The Windy City. The Second City. Even The Big Onion. Chicago's eco-friendly initiatives may soon push those nicknames aside for "The Greenest City in the Nation." Which is not bad timing, considering the city's recent bid for the 2016 Olympics. (The city lost out to finalists Rio de Janeiro and Madrid, but that's merely one chapter in this green city's story.) Famous first for inspiring architecture, music, flavorful food and a rich history, Chicago leads the nation in green travel opportunities for people seeking an urban getaway.
Though the Hotel Cass will surely be missed, lodging in the city shouldn't be written off as standard fare. Nestled among bright lights and big attractions, historic downtown buildings converted to luxury suites, and budget chains spreading out from the city's center, give guests greener options without skimping on extras. With five Green Seal certified hotels, Chicago leads the country in eco-travel options. Padding extravagance with behind-the-scenes conservation, lush accommodations add glitz and to the city's green tourism. Recognized as one of the top 40 hotels in the world, Hotel Monaco, a refurbished hat factory hugging the river, has received awards from National Geographic Traveler and the Travel Industry Association for its environmental efforts. Updating equipment, recycling and printing company materials on recycled paper with organic ink top the list of invisible improvements that pamper guests and Mother Earth. Hotel Burnham, the InterContinental, the Talbot Hotel and the recently renovated Hotel Allegro use similar methods while maintaining the highest level of luxury in the city. Economical chains, such as Days Inn, also work with customers to conserve water and energy usage. A stay at the Lincoln Park location sets you within a stroll's distance of the zoo (with free admission) and cuts expenses with available street-side parking.
Chicago glamour begins on the Magnificent Mile. Built to resemble the Champs Elysees in Paris, the stretch sports top designers and the latest fashions. Organic options can be found here and there in the largest stores, but boutiques off Michigan Avenue -- branching off into funky and hip neighborhoods near downtown -- truly cater to eco-conscious customers. If you're looking for high-end fashion (with high-end prices) hit Pivot, located off Fulton Market. Celebrated as the city's first eco-friendly boutique, this store's the source for amazingly soft, organic cottons in cutting-edge style. Futurgarb, in Wicker Park, and Lincoln Square's hip Stellar26, focus on reusable, vintage and organic selections for both men and women. Tucked in along tree-lined streets, these shops pull in repeat business and provide visitors with great places to get to know the neighborhoods. From a quirky kids' shop like Green Genes to A Cooler Planet, where you'll find home furnishings, it's in these areas that small business and Chicago's sustainable, eco-conscious style and community intertwine.
Green living has transformed everything from fine dining to Chicago pizza pie. Whether you're in the mood for triple-glazed scallops or a slice of moist angel food topped with the season's finest fruit, green options tempt the pallet. The sophisticated elegance of Naha relies on local, organic fare and naturally grown chicken and beef. North Pond exists to sustain local culture, from giving back to small area farms to the refurbished warming-shed-turned-restaurant, masterfully remodeled in Arts and Crafts style. If you're looking for something more laid-back, feel free to relax in Uncommon Ground, a fun, funky eatery for eco-friendly adults and the site of the city's first certified green-roof farm. Head to Cafe Luna, where seasonal local offerings make for a creative, refreshing menu that changes daily. For dessert? Savor the sweet nothings from Bleeding Heart Bakery, the first certified-organic bakery in the country.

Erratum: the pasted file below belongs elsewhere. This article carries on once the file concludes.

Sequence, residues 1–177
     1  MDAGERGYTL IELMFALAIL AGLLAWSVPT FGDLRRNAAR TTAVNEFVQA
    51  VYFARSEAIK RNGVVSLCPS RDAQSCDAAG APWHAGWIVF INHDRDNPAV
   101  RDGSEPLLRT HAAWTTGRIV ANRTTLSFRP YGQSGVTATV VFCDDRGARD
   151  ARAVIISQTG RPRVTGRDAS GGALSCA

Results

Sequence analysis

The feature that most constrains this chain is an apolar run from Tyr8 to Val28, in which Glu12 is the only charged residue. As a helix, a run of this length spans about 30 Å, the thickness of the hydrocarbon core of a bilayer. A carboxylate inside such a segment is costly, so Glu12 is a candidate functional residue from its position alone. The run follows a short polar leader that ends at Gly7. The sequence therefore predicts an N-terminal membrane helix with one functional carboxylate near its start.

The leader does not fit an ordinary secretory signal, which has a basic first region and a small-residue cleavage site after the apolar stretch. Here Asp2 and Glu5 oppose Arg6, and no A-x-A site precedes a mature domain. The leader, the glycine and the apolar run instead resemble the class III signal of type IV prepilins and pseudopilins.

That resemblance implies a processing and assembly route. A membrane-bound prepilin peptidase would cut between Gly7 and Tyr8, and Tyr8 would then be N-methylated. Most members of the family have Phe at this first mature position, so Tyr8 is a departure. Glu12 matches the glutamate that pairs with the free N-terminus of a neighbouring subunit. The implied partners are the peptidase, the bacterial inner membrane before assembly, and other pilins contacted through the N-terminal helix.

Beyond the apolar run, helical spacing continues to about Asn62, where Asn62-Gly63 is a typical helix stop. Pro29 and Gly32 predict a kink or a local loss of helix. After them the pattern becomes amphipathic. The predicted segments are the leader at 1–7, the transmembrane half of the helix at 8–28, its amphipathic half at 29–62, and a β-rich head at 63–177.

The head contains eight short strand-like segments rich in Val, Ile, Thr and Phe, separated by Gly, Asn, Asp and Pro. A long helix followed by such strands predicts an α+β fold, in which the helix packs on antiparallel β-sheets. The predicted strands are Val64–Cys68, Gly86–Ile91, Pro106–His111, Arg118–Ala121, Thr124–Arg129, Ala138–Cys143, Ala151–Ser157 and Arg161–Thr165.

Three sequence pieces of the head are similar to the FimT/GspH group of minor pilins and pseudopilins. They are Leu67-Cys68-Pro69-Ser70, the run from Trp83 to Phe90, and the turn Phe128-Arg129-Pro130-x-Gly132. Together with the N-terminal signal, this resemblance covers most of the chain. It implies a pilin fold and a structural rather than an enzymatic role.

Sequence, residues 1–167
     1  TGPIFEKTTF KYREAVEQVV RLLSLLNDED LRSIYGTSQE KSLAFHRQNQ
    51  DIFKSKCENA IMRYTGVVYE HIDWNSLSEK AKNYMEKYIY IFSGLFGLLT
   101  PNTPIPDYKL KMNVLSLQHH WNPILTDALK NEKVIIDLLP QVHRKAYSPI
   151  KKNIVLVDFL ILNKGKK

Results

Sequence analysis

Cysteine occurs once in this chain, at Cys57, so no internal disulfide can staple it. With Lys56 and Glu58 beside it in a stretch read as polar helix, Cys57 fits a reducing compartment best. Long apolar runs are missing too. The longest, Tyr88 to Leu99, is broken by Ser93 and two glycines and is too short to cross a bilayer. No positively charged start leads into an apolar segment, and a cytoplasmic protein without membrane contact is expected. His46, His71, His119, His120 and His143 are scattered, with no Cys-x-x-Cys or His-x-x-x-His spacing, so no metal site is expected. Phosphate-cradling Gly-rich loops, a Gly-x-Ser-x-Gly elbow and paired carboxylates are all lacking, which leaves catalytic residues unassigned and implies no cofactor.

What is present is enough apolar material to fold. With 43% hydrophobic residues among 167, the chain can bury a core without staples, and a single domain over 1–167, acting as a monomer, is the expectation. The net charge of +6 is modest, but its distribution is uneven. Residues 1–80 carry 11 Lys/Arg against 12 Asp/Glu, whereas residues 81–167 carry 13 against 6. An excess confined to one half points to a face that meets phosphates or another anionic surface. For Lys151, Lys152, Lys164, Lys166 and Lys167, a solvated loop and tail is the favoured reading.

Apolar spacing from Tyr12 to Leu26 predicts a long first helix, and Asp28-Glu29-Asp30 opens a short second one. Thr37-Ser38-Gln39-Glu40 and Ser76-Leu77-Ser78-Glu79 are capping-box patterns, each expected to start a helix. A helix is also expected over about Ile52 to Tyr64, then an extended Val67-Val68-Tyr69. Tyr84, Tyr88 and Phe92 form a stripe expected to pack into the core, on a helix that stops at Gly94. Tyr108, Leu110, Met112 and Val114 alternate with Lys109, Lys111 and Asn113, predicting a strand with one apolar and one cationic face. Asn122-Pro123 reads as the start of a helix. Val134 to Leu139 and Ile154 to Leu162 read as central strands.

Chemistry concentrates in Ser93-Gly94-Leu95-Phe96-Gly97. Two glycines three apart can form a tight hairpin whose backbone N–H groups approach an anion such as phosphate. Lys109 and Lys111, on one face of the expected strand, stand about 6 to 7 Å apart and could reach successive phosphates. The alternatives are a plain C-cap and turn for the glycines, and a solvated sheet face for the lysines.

Charged by Barack Obama's recent election, adventure and discovery has seeped its way into the oldest of haunts. This wind of change comes heavily charged with eco-endeavors, proving how easy it is for communities to work together to become sustainable. Chicago boasts more than 2.5 million square feet in green rooftops. Photovoltaic sites around the city provide power to local parks. Government, business and community groups continue to work to make this the greenest place in America, all while supporting more than 1 million people. Dedicated to nature conservancy, the Peggy Notebaert Nature Museum hosts demonstrations and events throughout the year. Twice a week, the Green City Market sets up shop on the grounds, complete with food presentations by top chefs in the area. Similarly, the Garfield Park Conservatory, the largest in the world, and the Lincoln Park Conservatory show visitors how little it takes to lessen their impact. Chicago's shining star, the 24-acre Millennium Park, rests peacefully among the city's busiest streets, and supports local efforts to cut energy waste and fight emissions. Even swank retreats, such as Salon Echo, have caught the bug. A number of day spas throughout downtown offer Earth-friendly products, cut back on waste and use reusable materials in their businesses. Home to O'Hare, Oprah and Obama, innovation has always been at Chicago's heart. You can see it in the gilded streets of the downtown shopping districts, and the height of the Sears Tower, which for years was the tallest in the world. Now it can also be seen in green rooftop gardens, new environmental standards and the growth of options embracing eco-tourists.
MNN homepage photo: Paraflyer/Flickr